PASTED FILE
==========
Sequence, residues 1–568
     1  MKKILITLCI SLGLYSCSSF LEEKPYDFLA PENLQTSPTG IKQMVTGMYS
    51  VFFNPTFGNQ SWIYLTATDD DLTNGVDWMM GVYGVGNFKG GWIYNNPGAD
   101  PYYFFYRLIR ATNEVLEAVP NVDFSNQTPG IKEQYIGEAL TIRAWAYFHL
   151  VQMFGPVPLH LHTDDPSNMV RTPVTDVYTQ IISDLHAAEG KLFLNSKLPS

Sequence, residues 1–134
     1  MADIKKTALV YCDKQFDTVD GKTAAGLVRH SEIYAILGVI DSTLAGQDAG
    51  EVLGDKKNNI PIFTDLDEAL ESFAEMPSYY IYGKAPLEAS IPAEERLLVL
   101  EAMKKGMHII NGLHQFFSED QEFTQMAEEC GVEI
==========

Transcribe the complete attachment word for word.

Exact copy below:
Sequence, residues 1–568
     1  MKKILITLCI SLGLYSCSSF LEEKPYDFLA PENLQTSPTG IKQMVTGMYS
    51  VFFNPTFGNQ SWIYLTATDD DLTNGVDWMM GVYGVGNFKG GWIYNNPGAD
   101  PYYFFYRLIR ATNEVLEAVP NVDFSNQTPG IKEQYIGEAL TIRAWAYFHL
   151  VQMFGPVPLH LHTDDPSNMV RTPVTDVYTQ IISDLHAAEG KLFLNSKLPS

Sequence, residues 1–134
     1  MADIKKTALV YCDKQFDTVD GKTAAGLVRH SEIYAILGVI DSTLAGQDAG
    51  EVLGDKKNNI PIFTDLDEAL ESFAEMPSYY IYGKAPLEAS IPAEERLLVL
   101  EAMKKGMHII NGLHQFFSED QEFTQMAEEC GVEI